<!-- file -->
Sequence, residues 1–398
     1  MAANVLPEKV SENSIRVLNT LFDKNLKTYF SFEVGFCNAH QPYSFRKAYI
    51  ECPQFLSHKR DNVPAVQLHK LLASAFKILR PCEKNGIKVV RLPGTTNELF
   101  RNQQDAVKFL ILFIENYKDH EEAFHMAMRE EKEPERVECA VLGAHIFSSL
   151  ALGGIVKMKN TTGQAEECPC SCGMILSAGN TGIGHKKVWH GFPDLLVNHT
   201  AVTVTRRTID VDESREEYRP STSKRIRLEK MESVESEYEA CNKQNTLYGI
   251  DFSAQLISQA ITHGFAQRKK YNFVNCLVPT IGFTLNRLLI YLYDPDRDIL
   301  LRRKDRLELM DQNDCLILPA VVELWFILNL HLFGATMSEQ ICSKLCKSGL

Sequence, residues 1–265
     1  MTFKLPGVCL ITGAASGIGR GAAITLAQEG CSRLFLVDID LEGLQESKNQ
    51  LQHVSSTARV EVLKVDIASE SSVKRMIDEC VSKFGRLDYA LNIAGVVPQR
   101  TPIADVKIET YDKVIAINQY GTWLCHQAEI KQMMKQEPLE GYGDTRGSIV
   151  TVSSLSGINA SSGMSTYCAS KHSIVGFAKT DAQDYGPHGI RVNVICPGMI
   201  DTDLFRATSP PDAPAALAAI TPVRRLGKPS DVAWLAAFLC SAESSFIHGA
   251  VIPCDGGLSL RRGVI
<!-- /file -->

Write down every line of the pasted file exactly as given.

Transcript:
Sequence, residues 1–398
     1  MAANVLPEKV SENSIRVLNT LFDKNLKTYF SFEVGFCNAH QPYSFRKAYI
    51  ECPQFLSHKR DNVPAVQLHK LLASAFKILR PCEKNGIKVV RLPGTTNELF
   101  RNQQDAVKFL ILFIENYKDH EEAFHMAMRE EKEPERVECA VLGAHIFSSL
   151  ALGGIVKMKN TTGQAEECPC SCGMILSAGN TGIGHKKVWH GFPDLLVNHT
   201  AVTVTRRTID VDESREEYRP STSKRIRLEK MESVESEYEA CNKQNTLYGI
   251  DFSAQLISQA ITHGFAQRKK YNFVNCLVPT IGFTLNRLLI YLYDPDRDIL
   301  LRRKDRLELM DQNDCLILPA VVELWFILNL HLFGATMSEQ ICSKLCKSGL

Sequence, residues 1–265
     1  MTFKLPGVCL ITGAASGIGR GAAITLAQEG CSRLFLVDID LEGLQESKNQ
    51  LQHVSSTARV EVLKVDIASE SSVKRMIDEC VSKFGRLDYA LNIAGVVPQR
   101  TPIADVKIET YDKVIAINQY GTWLCHQAEI KQMMKQEPLE GYGDTRGSIV
   151  TVSSLSGINA SSGMSTYCAS KHSIVGFAKT DAQDYGPHGI RVNVICPGMI
   201  DTDLFRATSP PDAPAALAAI TPVRRLGKPS DVAWLAAFLC SAESSFIHGA
   251  VIPCDGGLSL RRGVI